Libra also completely ditched the decentralized model of governance in favor of a more centralized regime like a consortium called the Libra Association. This didn’t sit well with the larger cryptocurrency community as well, with many of the early adopters of Bitcoin, Ethereum co-founders, and even other social media networks’ CEOs criticizing the project. Jack Dorsey, the CEO of Twitter stated that the project should focus on decentralization and not just creating a new kind of asset.
Overall, the severe and immediate backlash meant that Meta was on the backfoot since the very onset of the project. While big companies like Uber, MasterCard, VISA, Paypal, eBay, and even Coinbase had given their willingness to join the Libra Association, they excused themselves within weeks and Meta was left to continue on its own.
Facebook was caught off-guard because of the backlash to the Libra project. It also didn’t anticipate that the digital currency would create such a strong controversy and bring the company’s name into the negative spotlight once again. At first, the company tried to change the narrative by incorporating big changes into the whitepaper in an attempt to address some of the pressing concerns. This was then called Libra 2.0 and contained 4 key changes overall. It was largely seen as a scaling back of the ambitious initial whitepaper.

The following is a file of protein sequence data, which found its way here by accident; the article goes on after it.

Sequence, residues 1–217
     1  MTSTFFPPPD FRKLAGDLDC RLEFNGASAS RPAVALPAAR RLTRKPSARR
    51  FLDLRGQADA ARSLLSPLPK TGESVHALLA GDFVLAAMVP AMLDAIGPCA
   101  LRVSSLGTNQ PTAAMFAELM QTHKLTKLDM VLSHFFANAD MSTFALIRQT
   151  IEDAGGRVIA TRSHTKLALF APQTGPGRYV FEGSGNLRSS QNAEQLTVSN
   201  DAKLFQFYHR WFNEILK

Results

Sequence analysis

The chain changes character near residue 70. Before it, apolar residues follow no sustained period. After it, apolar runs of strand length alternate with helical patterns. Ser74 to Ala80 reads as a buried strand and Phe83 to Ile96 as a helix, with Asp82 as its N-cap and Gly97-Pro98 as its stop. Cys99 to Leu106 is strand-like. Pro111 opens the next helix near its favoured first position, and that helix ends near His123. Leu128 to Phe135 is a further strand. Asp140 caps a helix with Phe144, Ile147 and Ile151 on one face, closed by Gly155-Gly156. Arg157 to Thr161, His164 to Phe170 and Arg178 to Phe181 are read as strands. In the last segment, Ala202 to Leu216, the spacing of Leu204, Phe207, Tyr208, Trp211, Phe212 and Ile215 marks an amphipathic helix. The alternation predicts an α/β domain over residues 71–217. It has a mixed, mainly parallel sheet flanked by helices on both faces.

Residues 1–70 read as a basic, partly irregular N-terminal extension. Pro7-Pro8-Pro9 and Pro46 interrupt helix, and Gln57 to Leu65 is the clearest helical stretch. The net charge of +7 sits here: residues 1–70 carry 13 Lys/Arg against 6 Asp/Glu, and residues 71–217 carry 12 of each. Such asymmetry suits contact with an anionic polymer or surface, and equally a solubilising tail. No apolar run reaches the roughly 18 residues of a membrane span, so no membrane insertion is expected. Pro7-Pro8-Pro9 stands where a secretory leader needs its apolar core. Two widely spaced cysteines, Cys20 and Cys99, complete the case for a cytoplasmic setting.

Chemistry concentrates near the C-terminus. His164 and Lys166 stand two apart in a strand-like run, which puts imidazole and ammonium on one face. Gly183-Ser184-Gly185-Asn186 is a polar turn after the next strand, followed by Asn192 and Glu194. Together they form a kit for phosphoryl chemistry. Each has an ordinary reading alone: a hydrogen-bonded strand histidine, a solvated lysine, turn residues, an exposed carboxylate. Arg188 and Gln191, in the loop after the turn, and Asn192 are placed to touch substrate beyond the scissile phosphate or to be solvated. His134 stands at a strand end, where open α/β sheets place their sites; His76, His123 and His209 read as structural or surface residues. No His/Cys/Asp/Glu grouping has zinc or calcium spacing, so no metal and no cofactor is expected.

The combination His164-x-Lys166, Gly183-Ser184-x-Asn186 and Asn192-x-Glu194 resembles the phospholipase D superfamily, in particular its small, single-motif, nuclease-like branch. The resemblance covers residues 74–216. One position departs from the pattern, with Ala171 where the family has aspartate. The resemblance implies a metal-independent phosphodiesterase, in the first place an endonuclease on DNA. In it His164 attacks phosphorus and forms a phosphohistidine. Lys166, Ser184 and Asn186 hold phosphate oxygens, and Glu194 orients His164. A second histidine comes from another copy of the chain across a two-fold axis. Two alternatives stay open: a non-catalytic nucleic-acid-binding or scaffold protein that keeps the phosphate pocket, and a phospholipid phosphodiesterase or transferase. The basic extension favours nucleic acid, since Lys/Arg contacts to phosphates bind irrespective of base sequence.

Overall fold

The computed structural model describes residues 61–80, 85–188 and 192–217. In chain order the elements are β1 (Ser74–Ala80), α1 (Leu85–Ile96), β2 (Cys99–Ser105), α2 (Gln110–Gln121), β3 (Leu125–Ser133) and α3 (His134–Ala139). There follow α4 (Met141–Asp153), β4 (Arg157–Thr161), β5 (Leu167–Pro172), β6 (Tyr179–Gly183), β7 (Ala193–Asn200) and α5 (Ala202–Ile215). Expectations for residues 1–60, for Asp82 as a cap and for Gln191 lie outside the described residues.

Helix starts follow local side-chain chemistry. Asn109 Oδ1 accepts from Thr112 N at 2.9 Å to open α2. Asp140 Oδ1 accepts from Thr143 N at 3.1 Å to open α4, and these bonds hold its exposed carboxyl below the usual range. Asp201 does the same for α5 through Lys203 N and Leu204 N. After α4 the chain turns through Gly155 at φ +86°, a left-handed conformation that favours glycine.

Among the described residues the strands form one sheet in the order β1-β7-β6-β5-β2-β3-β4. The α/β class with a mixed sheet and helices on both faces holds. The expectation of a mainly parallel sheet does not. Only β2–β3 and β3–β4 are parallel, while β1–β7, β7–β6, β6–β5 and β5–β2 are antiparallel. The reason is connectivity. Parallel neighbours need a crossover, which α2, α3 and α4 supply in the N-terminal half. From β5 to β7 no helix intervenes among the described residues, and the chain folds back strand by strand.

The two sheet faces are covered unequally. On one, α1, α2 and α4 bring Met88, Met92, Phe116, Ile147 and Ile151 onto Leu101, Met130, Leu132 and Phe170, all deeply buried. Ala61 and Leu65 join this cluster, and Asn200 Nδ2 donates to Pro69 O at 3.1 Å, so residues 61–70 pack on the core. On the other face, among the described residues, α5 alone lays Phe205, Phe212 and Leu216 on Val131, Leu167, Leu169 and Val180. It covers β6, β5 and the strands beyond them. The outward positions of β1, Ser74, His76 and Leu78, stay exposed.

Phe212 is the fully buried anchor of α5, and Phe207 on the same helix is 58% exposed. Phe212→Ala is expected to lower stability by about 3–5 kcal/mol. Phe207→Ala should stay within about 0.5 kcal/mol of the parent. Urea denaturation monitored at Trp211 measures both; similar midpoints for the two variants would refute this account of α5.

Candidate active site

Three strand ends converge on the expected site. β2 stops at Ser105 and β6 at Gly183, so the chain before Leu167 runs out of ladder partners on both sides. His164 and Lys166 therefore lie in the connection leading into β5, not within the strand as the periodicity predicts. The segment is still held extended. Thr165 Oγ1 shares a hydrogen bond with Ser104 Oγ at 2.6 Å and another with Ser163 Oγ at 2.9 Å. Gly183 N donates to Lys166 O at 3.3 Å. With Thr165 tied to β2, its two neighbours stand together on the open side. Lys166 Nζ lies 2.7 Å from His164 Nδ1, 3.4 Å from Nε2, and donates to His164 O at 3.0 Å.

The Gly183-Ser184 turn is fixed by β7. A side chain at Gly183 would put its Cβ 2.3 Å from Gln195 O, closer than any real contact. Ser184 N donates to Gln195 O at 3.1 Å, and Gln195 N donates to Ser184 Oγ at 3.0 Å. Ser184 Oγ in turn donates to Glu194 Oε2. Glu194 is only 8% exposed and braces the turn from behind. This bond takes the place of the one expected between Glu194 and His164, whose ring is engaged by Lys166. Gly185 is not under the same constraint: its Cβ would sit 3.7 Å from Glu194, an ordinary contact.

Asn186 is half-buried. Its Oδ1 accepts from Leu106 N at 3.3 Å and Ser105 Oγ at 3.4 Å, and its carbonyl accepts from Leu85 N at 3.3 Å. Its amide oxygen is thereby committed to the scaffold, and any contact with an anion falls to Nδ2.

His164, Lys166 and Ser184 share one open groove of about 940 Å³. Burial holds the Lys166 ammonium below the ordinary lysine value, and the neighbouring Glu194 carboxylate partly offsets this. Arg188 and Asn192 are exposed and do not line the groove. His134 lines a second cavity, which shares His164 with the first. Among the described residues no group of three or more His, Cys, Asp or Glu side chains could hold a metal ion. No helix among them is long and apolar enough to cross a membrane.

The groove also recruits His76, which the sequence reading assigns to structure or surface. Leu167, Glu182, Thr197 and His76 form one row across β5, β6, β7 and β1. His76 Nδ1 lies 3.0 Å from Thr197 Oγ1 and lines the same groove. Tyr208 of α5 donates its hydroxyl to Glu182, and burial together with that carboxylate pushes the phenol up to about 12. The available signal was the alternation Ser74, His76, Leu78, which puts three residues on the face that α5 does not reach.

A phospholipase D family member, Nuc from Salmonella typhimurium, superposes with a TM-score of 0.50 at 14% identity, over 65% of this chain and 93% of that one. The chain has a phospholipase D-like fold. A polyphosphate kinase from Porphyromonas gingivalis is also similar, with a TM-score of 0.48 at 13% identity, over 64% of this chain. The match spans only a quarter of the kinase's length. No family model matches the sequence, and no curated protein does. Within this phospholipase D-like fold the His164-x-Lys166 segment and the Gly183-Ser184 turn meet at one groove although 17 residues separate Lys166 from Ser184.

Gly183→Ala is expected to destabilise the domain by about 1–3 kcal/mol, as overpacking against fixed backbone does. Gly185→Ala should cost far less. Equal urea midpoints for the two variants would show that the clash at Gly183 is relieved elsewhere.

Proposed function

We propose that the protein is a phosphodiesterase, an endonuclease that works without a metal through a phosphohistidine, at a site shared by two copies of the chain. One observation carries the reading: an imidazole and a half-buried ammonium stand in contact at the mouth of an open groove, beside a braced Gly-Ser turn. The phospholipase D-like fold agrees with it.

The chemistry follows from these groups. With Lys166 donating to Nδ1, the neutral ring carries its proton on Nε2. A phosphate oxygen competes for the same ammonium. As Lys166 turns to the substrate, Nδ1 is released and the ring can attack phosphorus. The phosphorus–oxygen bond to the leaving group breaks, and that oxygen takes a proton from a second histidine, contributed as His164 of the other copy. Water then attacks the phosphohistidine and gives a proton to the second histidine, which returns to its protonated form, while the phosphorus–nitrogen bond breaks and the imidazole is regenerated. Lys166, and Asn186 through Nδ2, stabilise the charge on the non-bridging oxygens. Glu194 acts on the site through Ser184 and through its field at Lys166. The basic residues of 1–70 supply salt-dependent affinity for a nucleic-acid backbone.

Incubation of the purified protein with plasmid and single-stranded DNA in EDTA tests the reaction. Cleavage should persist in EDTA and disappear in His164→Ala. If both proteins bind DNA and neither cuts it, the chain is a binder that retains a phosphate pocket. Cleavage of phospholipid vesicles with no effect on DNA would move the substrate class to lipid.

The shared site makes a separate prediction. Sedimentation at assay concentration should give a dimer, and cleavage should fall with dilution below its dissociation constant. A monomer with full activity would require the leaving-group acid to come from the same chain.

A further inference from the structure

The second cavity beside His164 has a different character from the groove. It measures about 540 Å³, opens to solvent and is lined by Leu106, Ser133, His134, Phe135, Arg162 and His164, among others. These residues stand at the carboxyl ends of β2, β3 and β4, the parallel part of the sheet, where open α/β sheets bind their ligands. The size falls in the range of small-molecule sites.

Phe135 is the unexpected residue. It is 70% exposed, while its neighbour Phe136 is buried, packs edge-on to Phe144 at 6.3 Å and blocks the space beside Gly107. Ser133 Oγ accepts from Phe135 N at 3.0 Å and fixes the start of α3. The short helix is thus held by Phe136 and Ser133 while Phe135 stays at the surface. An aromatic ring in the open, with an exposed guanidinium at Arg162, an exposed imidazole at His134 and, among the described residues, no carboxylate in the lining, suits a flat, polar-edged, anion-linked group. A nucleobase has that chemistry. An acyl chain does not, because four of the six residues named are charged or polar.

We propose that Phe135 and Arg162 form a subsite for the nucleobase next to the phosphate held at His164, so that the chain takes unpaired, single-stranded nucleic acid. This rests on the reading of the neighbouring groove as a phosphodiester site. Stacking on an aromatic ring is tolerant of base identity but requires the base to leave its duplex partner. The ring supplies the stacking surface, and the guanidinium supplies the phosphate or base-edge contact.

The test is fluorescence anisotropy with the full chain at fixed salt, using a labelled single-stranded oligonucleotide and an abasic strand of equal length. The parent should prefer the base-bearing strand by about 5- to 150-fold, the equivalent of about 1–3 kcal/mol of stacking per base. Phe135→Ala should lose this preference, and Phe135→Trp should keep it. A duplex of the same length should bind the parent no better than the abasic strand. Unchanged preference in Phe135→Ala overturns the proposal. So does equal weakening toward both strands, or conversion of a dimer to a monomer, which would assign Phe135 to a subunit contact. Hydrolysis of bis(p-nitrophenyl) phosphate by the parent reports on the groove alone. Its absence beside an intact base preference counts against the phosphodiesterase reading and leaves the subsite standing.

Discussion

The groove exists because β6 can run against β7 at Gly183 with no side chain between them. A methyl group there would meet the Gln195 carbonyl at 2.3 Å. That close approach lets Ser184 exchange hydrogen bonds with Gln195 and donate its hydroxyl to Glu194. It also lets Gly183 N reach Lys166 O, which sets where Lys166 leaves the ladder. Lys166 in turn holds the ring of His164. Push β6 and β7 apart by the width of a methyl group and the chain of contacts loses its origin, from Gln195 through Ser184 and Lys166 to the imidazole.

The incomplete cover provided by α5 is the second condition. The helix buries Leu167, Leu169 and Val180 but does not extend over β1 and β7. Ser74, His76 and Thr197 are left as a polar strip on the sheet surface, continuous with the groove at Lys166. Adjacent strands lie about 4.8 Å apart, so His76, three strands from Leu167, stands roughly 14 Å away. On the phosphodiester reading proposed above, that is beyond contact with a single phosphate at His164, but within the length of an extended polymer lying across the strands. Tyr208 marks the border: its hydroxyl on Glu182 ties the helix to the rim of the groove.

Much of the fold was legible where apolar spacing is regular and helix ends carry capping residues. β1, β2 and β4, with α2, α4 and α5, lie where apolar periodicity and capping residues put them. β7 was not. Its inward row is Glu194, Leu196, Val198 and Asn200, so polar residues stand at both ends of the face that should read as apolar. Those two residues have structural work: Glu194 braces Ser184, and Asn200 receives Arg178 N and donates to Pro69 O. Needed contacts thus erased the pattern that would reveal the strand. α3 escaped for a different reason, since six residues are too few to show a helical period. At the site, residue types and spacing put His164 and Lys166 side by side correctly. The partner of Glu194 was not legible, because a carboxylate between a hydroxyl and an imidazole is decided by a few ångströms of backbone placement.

But, the project had already attained a taboo status. The changes weren’t enough and the company eventually rebranded the entire thing to Diem and then again to Novi. The eventual plan for a basket of backed assets was scrapped completely in the favour of a USD-backed only coin. Essentially, this would have made the entire project a stablecoin attempt by Facebook, which is a far cry from the initial ambitious project.
But, regulators were still not happy with the latest iteration as well. The G7 once again singled out Novi/Diem for criticism and during that event, Germany’s Olaf Scholz, the current Federal Chancellor of the country openly opposed it and stated that it hadn’t been reassuring.